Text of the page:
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Reason most humans are right-handed explained in violent theory

Britt Jones

Published 
| Last updated 

Reason most humans are right-handed explained in violent theory

Ever wondered why around 85 to 90 percent of us are right-handed?

Well, it could be evolutionary according to researchers, and the reason is a little gorier than you’d think.

While many school children had their pick of right-handed scissors, there were always those few lefties having to fight for the singular pair of special left-handed scissors - and now we have an idea of why most of us have a dominant right hand.

Lefties are better at sports. Credit: Simon Balson / Alamy Stock Photo
Lefties are better at sports. Credit: Simon Balson / Alamy Stock Photo
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Researchers have been unable to explain why there is such a large difference between the number of righties and lefties for decades - but a study published last month has put forward a new theory.

Experts were confused as they hadn't found any health disadvantages which would explain why there are significantly fewer lefties than righties knocking about.

Scientists from Lund University in Sweden and Chester University in the UK have now proposed a new theory which might explain why it's an evolutionary disadvantage to be left-handed.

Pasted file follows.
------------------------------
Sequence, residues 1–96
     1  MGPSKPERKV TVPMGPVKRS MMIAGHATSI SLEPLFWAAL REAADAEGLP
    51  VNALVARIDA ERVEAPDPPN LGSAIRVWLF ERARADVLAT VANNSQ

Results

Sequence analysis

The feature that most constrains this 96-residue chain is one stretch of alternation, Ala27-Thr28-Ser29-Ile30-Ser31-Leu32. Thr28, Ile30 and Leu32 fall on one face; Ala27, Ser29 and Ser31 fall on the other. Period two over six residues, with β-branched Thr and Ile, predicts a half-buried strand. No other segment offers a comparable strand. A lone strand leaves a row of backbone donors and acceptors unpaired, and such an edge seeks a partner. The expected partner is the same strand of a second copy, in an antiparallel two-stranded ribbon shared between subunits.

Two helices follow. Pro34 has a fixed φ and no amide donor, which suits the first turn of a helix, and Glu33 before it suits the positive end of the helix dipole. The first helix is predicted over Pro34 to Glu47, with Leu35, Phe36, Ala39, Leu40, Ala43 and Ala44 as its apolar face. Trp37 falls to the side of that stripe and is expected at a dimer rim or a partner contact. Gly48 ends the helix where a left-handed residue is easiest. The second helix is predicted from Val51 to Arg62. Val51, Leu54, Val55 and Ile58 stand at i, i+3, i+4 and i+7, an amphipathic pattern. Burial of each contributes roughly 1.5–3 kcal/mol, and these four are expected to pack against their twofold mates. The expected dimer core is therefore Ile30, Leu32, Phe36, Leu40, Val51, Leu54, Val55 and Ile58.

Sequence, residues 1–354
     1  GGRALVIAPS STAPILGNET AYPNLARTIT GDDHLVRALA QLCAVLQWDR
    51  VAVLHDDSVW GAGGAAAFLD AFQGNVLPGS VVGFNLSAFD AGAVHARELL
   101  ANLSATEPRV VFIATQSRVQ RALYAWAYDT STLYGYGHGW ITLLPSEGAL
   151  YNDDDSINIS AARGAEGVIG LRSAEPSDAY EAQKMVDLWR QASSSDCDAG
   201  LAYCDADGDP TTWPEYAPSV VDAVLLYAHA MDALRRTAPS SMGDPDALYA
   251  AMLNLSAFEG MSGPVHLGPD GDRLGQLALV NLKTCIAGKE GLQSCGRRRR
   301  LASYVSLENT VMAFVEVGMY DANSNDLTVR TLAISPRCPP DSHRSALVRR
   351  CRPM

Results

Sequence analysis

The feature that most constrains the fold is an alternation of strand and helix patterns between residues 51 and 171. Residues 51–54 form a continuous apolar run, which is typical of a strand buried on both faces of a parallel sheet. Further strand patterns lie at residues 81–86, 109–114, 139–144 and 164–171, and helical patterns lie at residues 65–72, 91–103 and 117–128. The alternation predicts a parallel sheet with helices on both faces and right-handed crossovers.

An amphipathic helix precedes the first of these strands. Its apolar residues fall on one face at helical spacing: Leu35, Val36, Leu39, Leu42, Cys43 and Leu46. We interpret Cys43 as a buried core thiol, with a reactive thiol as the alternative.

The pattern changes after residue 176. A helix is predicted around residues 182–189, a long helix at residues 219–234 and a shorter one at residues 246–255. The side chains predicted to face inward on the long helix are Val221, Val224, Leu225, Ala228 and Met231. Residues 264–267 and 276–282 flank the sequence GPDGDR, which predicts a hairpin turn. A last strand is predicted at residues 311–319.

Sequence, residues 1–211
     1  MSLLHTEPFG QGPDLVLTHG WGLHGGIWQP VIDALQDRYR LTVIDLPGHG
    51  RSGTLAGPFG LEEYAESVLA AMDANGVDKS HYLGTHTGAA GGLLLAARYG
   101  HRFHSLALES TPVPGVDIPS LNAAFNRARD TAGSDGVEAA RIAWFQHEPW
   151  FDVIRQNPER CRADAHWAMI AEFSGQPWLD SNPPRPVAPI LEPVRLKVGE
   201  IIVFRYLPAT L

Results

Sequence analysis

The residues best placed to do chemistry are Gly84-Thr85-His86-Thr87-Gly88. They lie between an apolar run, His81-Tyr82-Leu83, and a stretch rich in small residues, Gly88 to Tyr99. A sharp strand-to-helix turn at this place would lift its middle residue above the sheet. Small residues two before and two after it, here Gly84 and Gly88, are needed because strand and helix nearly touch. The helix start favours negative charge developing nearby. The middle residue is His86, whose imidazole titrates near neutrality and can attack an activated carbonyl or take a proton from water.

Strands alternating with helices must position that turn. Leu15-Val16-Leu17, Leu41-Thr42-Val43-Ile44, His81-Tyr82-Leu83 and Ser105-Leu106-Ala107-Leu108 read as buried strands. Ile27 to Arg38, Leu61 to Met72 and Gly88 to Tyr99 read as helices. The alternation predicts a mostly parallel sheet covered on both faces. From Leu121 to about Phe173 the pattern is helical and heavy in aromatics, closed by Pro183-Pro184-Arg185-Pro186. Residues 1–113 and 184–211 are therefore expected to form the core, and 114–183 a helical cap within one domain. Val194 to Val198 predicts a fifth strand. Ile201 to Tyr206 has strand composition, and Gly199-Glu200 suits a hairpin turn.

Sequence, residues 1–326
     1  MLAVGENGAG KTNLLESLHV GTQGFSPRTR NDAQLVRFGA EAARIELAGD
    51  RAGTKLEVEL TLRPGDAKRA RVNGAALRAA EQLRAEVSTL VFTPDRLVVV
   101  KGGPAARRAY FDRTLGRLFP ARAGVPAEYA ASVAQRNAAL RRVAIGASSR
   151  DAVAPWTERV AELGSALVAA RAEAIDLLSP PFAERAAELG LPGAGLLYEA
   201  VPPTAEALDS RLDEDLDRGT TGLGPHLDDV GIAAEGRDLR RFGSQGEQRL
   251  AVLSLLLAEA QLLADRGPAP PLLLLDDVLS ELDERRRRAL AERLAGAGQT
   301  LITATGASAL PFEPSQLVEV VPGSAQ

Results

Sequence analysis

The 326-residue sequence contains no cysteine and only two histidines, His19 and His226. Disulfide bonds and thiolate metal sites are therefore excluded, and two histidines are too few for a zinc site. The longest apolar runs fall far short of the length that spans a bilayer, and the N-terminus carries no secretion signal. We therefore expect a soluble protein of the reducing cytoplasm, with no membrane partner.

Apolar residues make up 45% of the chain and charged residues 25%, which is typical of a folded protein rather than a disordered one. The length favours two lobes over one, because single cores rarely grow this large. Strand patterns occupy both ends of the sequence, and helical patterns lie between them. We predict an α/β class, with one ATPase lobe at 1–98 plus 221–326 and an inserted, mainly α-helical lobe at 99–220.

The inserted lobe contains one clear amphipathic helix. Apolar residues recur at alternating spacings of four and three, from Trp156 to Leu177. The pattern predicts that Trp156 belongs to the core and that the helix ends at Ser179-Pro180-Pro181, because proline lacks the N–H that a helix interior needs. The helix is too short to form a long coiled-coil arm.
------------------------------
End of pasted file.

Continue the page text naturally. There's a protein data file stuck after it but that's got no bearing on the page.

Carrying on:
Historically, people fought with pointed weapons. Credit: Gioele Fazzeri / Pixabay
Historically, people fought with pointed weapons. Credit: Gioele Fazzeri / Pixabay
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Matz Larsson, Astrid Schepman, and Paul Rodway contend in an article in the journal Symmetry that though lefties are better fighters, they're also more likely to be mortally wounded in combat.

They reckon the left-handed population is so small in comparison to those with a dominant right hand because of the position of the heart and the way early humans fought with sharp, pointed tools.

Right-handedness might give you a fighting advantage. Credit: Px Images / Alamy Stock Photo
Right-handedness might give you a fighting advantage. Credit: Px Images / Alamy Stock Photo

Essentially, the heart is three-quarters into the left hemithorax, which means that the left side of the chest vulnerable to a fatal blow if exposed.

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The researchers noted that whichever hand holds the weapon changes the way the chest is exposed when fighting.

For instance, a left-handed grip rotates the left side of the chest, which turns almost all of the heart toward an opponent, but a right-handed grip will rotate it away.

Not only does a right-handed grip rotate the heart away, but then there is the left hand free to act in defence of the vulnerable space when in combat.

The researchers noted: "Consequently, right-handed early ancestors, with a preference for using the right forelimb in combat, may have had a lower risk of a mortal wound, and a fighting advantage.

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"This would explain their greater frequency."

Even though this is all still a hypothesis and based on speculation from behavioural and physiological facts, it still gives food for thought when understanding the large disparity between the number of lefties and righties around the world.

Featured Image Credit: Simon Balson / Alamy Stock Photo / Px Images / Alamy Stock Photo

Topics: News, Science, World News

Britt Jones
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